Posted On: 02/7/18 11:08 AM
An overpowering 73-51 Solon win over Stow was the 18th win of the season for the Comets. Division I’s #2 team, according to the AP State Poll, handed Stow their second-straight loss after starting the season 14-1.
Meanwhile, this undefeated Solon team put on probably the most impressive team performance we’ve seen all season. Just one night removed from a battle with a then-two-loss Brunswick team, Solon blitzed Stow on both ends of the court and ran away with the game.
With a reliable point guard in 6’0” Coryon Rice (2018) and two versatile post players, it seemed like Stow was a viable candidate to counter Solon. However, Solon’s strategy and roster construction proved to be 22-points superior. Let’s get into the specifics now with our Five Takeaways.
It was the way in which Carry dropped his 31 points that was most impressive last night. The West Liberty commit’s confidence is through the roof as a pull-up shooter. Defenders not meeting him two steps beyond the arch are making a mistake given the danger of his rhythm jumper. But he doesn’t force those shots. Instead, he’s looking to split defensive gaps and get to the basket, resulting in a couple elusive finishes.
Carry’s familiarity with this group leads to a noticeable comfort when he’s driving. He knows exactly where to find his shooters when the defense collapses and delivers on-target passes to the opposite side frequently.
More specifically on his candidacy for Mr. Basketball: if Solon beats Shaker and St. Edward to finish the season undefeated then it’s hard to find a stronger candidate. Although winners are almost always D-I recruits, Carry is committed to a national power at the D-II level. He also makes up for that by leading an undefeated team and putting up massive offensive numbers.
The Solon sideline urged their full-court one-on-one defenders to “get up and get beat” when they were on an island. Meaning, if the Stow ball-handler gets by you, it’s all good because we want them to run at all costs. The relentless pressure led to unforced turnovers from Stow as the game went on as they showed fatigue starting in the late second quarter. Meanwhile, Solon won this game back in the offseason, when they clearly placed a priority on conditioning.
Marbury is a 6’3” football recruit that plays a hybrid role for Solon. Last night when Solon is staring at twin towers, Marbury is going to be their guy defending the post. What he’s able to provide is resistance on post touches, toughness, lateral quickness/switchability, and shooting on the other end. Marbury’s postseason value against larger teams cannot be understated and last night was an example of that.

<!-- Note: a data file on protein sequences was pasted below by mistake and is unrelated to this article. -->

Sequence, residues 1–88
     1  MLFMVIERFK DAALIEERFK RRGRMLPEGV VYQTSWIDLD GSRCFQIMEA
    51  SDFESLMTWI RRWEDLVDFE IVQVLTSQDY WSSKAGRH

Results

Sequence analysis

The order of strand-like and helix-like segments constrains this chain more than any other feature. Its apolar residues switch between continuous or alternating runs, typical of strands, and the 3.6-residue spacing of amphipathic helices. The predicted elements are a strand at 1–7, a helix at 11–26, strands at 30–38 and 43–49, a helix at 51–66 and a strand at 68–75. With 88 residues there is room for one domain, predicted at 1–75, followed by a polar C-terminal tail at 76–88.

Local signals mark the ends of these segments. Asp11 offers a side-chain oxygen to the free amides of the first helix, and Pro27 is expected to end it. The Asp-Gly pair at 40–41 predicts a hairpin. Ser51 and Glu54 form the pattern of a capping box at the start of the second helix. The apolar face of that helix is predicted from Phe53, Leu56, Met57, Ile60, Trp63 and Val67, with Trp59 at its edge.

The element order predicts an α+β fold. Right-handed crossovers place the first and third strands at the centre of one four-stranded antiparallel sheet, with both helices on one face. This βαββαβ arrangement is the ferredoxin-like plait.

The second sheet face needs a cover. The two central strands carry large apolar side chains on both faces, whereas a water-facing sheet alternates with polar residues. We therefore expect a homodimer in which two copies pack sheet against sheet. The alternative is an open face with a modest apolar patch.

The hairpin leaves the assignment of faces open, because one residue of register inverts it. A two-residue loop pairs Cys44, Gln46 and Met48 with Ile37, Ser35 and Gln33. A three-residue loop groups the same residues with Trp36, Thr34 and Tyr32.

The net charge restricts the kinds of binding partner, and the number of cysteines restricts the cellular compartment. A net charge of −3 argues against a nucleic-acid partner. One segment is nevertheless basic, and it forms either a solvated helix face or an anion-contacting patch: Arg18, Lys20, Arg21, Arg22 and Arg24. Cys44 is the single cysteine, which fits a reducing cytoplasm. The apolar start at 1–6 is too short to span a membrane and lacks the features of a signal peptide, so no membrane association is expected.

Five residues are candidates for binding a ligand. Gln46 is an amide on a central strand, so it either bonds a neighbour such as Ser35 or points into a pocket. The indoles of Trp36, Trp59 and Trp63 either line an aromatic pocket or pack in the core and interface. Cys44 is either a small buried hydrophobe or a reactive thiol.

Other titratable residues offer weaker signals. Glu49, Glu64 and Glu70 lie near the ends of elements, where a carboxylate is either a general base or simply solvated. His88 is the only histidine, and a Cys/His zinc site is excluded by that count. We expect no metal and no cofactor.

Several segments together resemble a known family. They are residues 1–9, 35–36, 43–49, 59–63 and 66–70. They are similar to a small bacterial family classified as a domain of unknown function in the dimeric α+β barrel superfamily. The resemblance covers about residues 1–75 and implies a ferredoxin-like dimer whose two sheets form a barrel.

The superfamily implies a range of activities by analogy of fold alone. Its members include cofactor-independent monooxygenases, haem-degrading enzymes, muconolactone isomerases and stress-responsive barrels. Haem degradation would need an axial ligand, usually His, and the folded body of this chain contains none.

Williams, a 6’0” junior guard, is used on Solon as a defensive ball-pressure and shooting specialist. We weren’t accustomed to seeing him in that role, since he played as the primary ball-handler for a TNBA team this summer. His adaptability to thrive as a knock-down shooter was impressive. He was also tireless on defense — a remarkable thing considering he was sprinting with Rice up the floor and chasing him around ball-screens all night.
As he continues building film as a court general, Williams’ recruitment should pop at the NAIA and D-II level.
At 20 points in the contest, most of which came on jumpers, 6’8” junior Evan Bainbridge was Stow’s most reliable offensive weapon last night. Because he’s not a vertical or powerful athlete, questions about his ability to impact a fast game like last night could surface. However, he ran the floor well, grabbed defensive boards, and played well on the perimeter. Bainbridge is confident in his quick-release jumper and makes smart passes when he’s being defended well. We would’ve liked to see more post touches given a nasty drop-step and fluid turn-around on a couple opportunities.
Bainbridge told us he wasn’t being recruited last July. There’s no chance that’s the case come next July Live Period. The kid can play.